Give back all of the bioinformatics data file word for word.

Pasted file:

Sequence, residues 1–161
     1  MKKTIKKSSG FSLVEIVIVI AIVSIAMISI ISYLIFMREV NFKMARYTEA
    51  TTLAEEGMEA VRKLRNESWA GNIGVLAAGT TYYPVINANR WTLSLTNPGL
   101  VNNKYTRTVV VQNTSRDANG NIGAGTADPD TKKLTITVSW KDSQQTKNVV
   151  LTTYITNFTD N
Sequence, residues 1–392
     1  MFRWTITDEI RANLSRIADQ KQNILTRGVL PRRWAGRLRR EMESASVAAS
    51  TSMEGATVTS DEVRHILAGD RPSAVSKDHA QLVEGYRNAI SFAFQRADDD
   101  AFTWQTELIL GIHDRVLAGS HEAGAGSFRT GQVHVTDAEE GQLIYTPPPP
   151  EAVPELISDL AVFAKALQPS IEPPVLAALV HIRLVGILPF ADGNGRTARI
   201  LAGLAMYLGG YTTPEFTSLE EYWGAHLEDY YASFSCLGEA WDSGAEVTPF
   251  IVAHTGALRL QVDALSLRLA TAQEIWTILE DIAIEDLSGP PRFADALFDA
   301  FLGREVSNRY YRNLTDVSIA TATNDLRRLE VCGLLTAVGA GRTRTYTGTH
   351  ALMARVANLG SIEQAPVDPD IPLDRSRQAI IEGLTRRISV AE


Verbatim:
Sequence, residues 1–161
     1  MKKTIKKSSG FSLVEIVIVI AIVSIAMISI ISYLIFMREV NFKMARYTEA
    51  TTLAEEGMEA VRKLRNESWA GNIGVLAAGT TYYPVINANR WTLSLTNPGL
   101  VNNKYTRTVV VQNTSRDANG NIGAGTADPD TKKLTITVSW KDSQQTKNVV
   151  LTTYITNFTD N
Sequence, residues 1–392
     1  MFRWTITDEI RANLSRIADQ KQNILTRGVL PRRWAGRLRR EMESASVAAS
    51  TSMEGATVTS DEVRHILAGD RPSAVSKDHA QLVEGYRNAI SFAFQRADDD
   101  AFTWQTELIL GIHDRVLAGS HEAGAGSFRT GQVHVTDAEE GQLIYTPPPP
   151  EAVPELISDL AVFAKALQPS IEPPVLAALV HIRLVGILPF ADGNGRTARI
   201  LAGLAMYLGG YTTPEFTSLE EYWGAHLEDY YASFSCLGEA WDSGAEVTPF
   251  IVAHTGALRL QVDALSLRLA TAQEIWTILE DIAIEDLSGP PRFADALFDA
   301  FLGREVSNRY YRNLTDVSIA TATNDLRRLE VCGLLTAVGA GRTRTYTGTH
   351  ALMARVANLG SIEQAPVDPD IPLDRSRQAI IEGLTRRISV AE